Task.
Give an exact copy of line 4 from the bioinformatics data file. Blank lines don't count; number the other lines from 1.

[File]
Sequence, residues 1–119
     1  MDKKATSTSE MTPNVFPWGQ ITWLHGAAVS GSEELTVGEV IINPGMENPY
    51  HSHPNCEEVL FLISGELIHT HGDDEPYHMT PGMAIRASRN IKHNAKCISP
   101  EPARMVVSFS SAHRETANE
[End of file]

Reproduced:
   101  EPARMVVSFS SAHRETANE